Completion: March 2017
Square Footage: 87,000 SF
Construction Cost: $16,000,000
Location: Redmond, Washington
Client: Providence Supportive Housing
The images are for the sole purpose of representing the architectural services of SAGE.
Providence John Gabriel House is a 5-story, 75-unit affordable senior housing and mixed-use project in downtown Redmond that contains a Program for All-Inclusive Care of the Elderly (PACE) facility. In addition to the PACE component, common lobbies, plazas, secure underground parking and various on-site amenities are provided. A city-wide pedestrian pathway runs through the site.
Walkable Urban Village Model of Affordable Senior Housing
The project site is well suited for a senior community with its proximity to the QFC and Bella Bottega Shopping Center, Redmond Library, Redmond City Hall and Municipal Campus plus many other adjacent and nearby services including medical, recreational and banking facilities. In turn, Providence John Gabriel House adds to the neighborhood and helps create the feel of a vibrant, walkable urban village.
Public-Private Partnership and Funding
The mixed-use facility is the result of several years of effort by so many. Providence is the owner and operator of the building; Shelter Resources, Inc. and Bellwether Housing were involved as the project and owner developers; SAGE Architectural Alliance was the architect; Walsh Construction was the general contractor and the City of Redmond maintains ownership of the land. Funding was provided by A Regional Coalition for Housing (ARCH), King County Finance and Washington State Housing Finance Commission’s 9% Low Income Housing Tax Credits.
Prior to the start of the project, the city-owned site was well studied and evaluated, with assistance from ARCH, to determine the most appropriate future use of the site—senior housing was the determination of the study. In 2013, the project was awarded, through the RFP process, to the Providence-Shelter-SAGE team. The team’s proposal not only included senior housing but added the PACE component. Bellwether and Walsh Construction were later added to the project team.
As part of the first design phase, SAGE researches site and context information for their projects, and for this project the research included meeting with the administrator of the Senior Center located just two blocks away and learning about their very robust senior’s programs. SAGE also learned about their need for more spaces for the wellness and exercise programs. To address the need, SAGE successfully advocated for including a multipurpose room as part of the new project. Glass doors and windows look into the multipurpose room from the central lobby. Now when residents come and go through their lobby, they see ongoing exercise and wellness classes and are drawn into the healthy, socially-connected lifestyle.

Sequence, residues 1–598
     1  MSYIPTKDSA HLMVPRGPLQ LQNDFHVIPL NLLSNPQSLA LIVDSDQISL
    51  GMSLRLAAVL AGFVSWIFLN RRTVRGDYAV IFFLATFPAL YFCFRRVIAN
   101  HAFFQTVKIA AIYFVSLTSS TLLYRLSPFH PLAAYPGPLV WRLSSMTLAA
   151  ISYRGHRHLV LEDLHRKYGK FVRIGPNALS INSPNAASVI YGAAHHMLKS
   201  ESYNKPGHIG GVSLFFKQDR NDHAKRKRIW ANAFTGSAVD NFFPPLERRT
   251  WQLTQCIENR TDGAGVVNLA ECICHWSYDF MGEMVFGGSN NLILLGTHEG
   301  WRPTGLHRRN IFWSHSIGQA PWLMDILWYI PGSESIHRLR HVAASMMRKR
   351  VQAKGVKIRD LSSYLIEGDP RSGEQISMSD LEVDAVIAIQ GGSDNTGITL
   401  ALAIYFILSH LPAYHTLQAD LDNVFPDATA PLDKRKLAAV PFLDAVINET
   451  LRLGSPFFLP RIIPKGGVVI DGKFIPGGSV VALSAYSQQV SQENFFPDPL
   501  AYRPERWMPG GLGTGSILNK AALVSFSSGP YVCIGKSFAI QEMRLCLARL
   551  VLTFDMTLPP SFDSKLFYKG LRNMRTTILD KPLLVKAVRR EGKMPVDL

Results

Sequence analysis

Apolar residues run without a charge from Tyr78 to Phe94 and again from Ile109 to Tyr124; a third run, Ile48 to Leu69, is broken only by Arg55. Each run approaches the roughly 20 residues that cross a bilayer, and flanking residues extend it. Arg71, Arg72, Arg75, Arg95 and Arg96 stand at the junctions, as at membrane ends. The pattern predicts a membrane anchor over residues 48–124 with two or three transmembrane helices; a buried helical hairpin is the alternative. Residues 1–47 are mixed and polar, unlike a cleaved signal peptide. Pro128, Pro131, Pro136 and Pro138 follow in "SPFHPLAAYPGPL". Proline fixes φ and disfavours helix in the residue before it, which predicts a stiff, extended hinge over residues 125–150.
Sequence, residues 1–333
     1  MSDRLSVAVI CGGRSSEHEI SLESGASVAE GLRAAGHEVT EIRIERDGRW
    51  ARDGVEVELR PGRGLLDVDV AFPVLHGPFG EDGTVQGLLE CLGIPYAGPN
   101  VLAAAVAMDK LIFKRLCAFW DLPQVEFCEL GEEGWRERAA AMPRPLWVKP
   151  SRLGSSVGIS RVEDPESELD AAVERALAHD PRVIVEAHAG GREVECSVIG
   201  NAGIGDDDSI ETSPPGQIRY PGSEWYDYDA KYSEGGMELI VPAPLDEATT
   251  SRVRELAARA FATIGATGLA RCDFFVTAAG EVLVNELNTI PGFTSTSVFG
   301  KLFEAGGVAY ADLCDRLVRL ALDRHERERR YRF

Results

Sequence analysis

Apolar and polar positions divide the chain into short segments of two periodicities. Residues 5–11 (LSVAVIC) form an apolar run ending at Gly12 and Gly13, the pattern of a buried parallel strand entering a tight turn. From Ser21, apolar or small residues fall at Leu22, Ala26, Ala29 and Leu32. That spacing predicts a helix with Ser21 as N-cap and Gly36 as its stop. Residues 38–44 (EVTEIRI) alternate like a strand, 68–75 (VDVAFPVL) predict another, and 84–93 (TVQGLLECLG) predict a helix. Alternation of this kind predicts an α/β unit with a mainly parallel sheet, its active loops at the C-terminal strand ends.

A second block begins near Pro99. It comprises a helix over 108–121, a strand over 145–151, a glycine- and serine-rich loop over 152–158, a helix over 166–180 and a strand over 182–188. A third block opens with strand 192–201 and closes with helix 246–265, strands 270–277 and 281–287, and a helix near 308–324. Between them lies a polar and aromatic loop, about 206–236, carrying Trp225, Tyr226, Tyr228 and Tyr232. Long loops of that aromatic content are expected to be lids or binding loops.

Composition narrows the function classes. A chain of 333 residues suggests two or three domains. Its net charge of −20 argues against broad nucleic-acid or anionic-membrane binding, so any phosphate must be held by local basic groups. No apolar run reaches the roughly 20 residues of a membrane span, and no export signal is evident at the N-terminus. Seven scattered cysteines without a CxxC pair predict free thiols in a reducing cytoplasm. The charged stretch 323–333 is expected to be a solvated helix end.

Social connection is one of the most important predictors of healthy aging. The central commons were designed and programmed as a place residents can come any time of day for reading, computer access and informal social opportunities. A wonderful patio seating area is located just outside the commons. The commons and multipurpose room are oriented to the south and west for natural light and connection to the existing pedestrian path that connects to the Senior Center. In consideration of aging in place, strong effort was made to eliminate entry stairs and use ramps for ease of wheelchairs, canes, and walkers. All units are accessible and have roll-in showers.
The Program for All-Inclusive Care of the Elderly (PACE) center is an ideal resource located at the north end of the main level. The program serves frail elders, largely from the broader community, who are brought to the center 2 to 3 times a week by vans to share in the social programming and nutritious meals and to be overseen by their full care team of doctors, nurses, social workers, dentist and podiatrist. With these resources and oversight, residents in the surrounding community are empowered to continue living at home. While most of the new residents are not at the level of frailty served by the PACE center, 8 apartments were initially dedicated to residents participating in the PACE program. These residents are able to live independently, supported by the PACE program, when they might otherwise need the care of a skilled nursing facility.
Sustainable Design and Energy Conservation
During design development, SAGE applied for and the project won the opportunity to participate as the focus of a King County Green Building Workshop that brought together green building regional experts to brainstorm project suggestions. Many of these suggestions were included in the design. The project meets and exceeds Evergreen Sustainable Design Standards with efficient radiant cove heaters; trickle vents; LED light fixtures; low-flow shower heads, faucets, and toilets; Energy Star appliances; no garbage disposals; drought-resistant and native landscaping, along with mulching; readiness for roof photo-voltaic panels; individual energy meters; and a healthy, healing environment with vegetation visible from the windows, including planted pots on the Juliet balconies and the existing trees that were preserved.